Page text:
Will the North Korea risk hold?
The benchmark index, the Kospi, ended 0.63 percent higher than Friday’s close at 2,334.22, but the gains were largely led by institutions as foreign investors continued their dumping. They have been net sellers for four consecutive trading days ever since Trump threatened North Korea last week with “fire and fury” and North Korea responded with assurances of an attack on U.S. strategic assets in Guam.
Kim Dong-yeon, South Korea’s finance minister, said during a meeting on economic issues with other government ministers on Monday in Seoul that the South Korean government would remain alert, especially if geopolitical tensions escalate beyond the level of previous provocations.
“The influence on the financial and foreign exchange market is different from the past as it is becoming a global anxiety,” Kim said. “Even on the smallest impact, there’s a possibility that the volatility could expand exceptionally.”
Kim plans to meet with the central bank’s governor, Lee Ju-yeol, on Wednesday to discuss the risk from North Korea and measures that will help stabilize the market.
Although the stock markets in Shanghai and Hong Kong also recovered on Monday, the volley of bellicose statements between North Korea and Trump has increased volatility in the global market. Tensions were so high last week that the Chicago Board Options Exchange Volatility Index, also known as the “fear index,” rose 44 percent in just a single day on Thursday to close at its highest level since the U.S. presidential election on Nov. 8 last year. Last week, the Shanghai index fell 2.2 percent after Trump’s Aug. 8 statements, while the French market fell 3 percent and the U.K. market was down 1.9 percent.
The U.S. market rebounded on Friday, but it was because the market was betting that the U.S. Federal Reserve would postpone raising its interest rates due to slower-than-expected inflation growth last month.
In the case of the Japanese stock market, the Nikkei 225 continued to fall on Monday, stretching its losing streak to a fourth session.
The most affected index has undoubtedly been Seoul’s Kospi, which saw a record-breaking run come to a halt. On Friday, the market closed down 1.7 percent compared to Thursday after foreign investors sold 649.8 billion won ($569.9 million) worth of stocks. It was the largest dump by foreign investors in nearly two years. The last time they sold that much in a single day was on Aug. 24, 2015, when they sold 723.9 billion won worth of stocks.
In the past four trading days since Trump’s comments against Pyongyang, the Kospi dropped 3.1 percent while foreign investors offloaded 1 trillion won worth of stocks. The situation also drove up Korea’s credit default swap premiums, which rose to its highest in a year and a half to nearly 0.07 percent. The premium is used in evaluating the sovereign risk of a country.
Oh Tae-dong, an analyst at NH Investment & Securities, predicts the risk from North Korea will not last long. “If the United States were to take military action, it would take actions that protect U.S. citizens within Korea,” he said. “But we haven’t seen any signs that show such actions are being taken. Additionally, North Korea, other than condemning the United States, has not made any preparations for war.”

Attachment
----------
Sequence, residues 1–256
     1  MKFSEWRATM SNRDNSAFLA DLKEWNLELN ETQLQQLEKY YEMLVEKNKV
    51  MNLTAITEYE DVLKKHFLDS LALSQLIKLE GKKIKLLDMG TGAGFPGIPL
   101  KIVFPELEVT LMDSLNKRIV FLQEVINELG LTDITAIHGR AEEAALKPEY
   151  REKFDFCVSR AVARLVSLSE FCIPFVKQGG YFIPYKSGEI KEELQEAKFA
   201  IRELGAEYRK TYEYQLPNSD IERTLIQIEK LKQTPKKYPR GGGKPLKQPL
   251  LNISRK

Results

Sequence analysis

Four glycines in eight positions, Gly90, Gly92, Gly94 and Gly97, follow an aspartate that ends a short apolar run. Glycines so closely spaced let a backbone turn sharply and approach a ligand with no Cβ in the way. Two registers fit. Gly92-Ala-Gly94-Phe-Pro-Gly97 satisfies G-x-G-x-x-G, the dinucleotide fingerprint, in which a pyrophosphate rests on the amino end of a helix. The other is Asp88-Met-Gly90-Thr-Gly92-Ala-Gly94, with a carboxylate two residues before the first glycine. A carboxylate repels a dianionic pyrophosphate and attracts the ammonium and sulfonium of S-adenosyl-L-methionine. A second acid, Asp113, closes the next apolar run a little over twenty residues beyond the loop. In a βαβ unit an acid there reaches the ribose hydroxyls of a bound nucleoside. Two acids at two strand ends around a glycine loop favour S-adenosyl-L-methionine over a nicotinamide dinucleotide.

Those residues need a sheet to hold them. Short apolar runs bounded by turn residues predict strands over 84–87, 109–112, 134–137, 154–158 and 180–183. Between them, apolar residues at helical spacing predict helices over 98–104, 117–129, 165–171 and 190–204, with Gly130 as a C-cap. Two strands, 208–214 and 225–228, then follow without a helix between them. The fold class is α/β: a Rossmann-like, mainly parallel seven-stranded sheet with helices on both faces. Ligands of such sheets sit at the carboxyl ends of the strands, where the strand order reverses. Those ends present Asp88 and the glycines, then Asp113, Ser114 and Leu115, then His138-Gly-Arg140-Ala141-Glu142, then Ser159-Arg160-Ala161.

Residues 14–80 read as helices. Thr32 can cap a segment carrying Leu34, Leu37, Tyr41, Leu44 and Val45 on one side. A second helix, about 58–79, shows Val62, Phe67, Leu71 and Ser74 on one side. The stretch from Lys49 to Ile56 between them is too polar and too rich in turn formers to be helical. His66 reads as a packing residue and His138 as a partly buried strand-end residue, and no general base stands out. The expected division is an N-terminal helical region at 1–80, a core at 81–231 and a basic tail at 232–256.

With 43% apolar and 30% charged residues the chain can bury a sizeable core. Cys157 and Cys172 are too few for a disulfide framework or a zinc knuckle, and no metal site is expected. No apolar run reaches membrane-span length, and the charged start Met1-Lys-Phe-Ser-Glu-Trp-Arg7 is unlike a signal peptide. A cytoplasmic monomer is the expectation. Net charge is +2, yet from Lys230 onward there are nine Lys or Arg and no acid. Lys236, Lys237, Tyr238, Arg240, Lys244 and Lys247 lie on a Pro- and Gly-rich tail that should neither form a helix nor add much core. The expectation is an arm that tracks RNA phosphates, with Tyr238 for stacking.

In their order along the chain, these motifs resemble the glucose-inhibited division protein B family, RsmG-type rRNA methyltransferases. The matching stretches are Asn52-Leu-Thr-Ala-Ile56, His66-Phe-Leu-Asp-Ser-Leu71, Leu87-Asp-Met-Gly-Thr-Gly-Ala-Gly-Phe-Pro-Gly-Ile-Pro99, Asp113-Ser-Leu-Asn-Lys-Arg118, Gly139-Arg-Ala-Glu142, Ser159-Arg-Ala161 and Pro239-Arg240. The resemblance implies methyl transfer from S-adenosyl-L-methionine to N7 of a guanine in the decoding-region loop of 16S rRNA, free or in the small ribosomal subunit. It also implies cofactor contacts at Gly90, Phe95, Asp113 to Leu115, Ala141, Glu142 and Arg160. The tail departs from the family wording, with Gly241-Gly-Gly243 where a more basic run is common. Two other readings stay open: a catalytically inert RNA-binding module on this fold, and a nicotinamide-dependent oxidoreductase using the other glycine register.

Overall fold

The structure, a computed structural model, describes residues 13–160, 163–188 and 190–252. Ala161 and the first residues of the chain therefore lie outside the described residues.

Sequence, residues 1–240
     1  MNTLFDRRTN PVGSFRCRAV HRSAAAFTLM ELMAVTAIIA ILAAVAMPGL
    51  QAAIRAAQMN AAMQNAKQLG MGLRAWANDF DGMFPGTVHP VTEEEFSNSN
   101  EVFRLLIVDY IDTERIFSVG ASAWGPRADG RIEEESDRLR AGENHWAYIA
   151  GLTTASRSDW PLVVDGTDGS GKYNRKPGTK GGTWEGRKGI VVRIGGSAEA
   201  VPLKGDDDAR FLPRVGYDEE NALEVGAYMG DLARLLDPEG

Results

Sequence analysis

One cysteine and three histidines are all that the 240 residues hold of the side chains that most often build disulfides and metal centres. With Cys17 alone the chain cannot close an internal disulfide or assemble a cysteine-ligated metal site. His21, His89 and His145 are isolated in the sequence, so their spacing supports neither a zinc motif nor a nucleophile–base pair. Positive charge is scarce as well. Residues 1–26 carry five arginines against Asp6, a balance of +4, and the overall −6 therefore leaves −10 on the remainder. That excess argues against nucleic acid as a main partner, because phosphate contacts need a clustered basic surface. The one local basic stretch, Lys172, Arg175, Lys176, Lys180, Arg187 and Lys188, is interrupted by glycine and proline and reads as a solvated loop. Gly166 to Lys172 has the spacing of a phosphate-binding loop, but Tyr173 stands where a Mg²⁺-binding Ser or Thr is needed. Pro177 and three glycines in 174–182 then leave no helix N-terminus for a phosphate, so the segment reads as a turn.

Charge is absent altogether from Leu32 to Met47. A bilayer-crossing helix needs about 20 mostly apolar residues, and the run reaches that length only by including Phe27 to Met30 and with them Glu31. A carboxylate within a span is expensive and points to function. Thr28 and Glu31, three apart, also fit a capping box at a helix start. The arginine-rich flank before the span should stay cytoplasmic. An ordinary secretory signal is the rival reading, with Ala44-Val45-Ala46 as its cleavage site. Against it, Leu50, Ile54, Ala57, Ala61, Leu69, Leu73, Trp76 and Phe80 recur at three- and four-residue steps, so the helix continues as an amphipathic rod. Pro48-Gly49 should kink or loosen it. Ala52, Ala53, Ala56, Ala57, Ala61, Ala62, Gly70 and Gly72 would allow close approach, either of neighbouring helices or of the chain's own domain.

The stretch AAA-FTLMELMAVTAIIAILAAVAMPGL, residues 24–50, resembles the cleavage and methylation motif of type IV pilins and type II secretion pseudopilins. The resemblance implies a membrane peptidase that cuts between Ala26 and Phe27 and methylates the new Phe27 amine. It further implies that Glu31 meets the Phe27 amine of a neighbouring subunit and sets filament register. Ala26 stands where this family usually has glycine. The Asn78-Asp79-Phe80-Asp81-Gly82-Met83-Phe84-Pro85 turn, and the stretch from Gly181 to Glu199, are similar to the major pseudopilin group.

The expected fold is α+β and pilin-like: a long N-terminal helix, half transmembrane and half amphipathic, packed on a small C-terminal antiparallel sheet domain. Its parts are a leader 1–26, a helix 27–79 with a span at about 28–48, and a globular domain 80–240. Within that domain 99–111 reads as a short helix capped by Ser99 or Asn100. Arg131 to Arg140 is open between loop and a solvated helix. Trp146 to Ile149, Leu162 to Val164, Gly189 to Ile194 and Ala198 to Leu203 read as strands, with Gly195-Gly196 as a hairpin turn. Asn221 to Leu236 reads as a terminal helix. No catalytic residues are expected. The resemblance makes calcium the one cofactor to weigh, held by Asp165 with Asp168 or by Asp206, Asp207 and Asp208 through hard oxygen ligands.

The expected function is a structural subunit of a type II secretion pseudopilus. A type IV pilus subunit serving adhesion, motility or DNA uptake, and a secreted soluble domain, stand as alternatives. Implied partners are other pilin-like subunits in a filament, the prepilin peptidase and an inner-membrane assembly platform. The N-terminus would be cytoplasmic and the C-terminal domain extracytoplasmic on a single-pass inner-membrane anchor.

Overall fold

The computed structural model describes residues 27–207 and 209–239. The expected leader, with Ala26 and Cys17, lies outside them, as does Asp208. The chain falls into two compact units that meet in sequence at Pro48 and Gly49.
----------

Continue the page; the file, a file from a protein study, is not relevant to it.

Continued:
Park Sang-hyun of Hi Investment & Securities analyst said China’s role will be significant in bringing back confidence in the market. “The tensions will be eased when a dialogue channel is established between the two countries with active mediation from China.”
Considering China’s own security interest in the region, analysts are confident that it will not idly stand by and will likely intervene. And on Friday, Trump himself mentioned he was willing to find a peaceful solution during a press conference in New Jersey. “Hopefully, it will all work out,” he said. “Nobody loves a peaceful solution better then President Trump.”
However, the president left some room for ambiguity when asked about what he meant by bad solutions and whether that meant a war with North Korea. “You know the answer to that,” he said.
The market is expecting to remain volatile for the time being especially with a 10-day joint military exercise between South Korea and the United States that starts on Aug. 21 and North Korea celebrating its Republic Foundation Day on Sept. 9. On the same day last year, North Korea conducted its fifth nuclear test.
“There’s a chance that North Korea will be making additional provocations while Trump’s mention of possible military actions have frozen investor sentiment,” said Han Dae-hoon, an analyst at SK Securities.
There is fear that foreign investors might continue their selloff, especially since the Kospi, before the heightened tension, was enjoying a bullish rally.
“As investors are selling off to profit from gains and investor sentiment is damaged, it would be best to take a breather or reduce investment,” SK Securities’ Han said.
BY LEE HO-JEONG, YEOM JI-HYUN [firstname.lastname@example.org]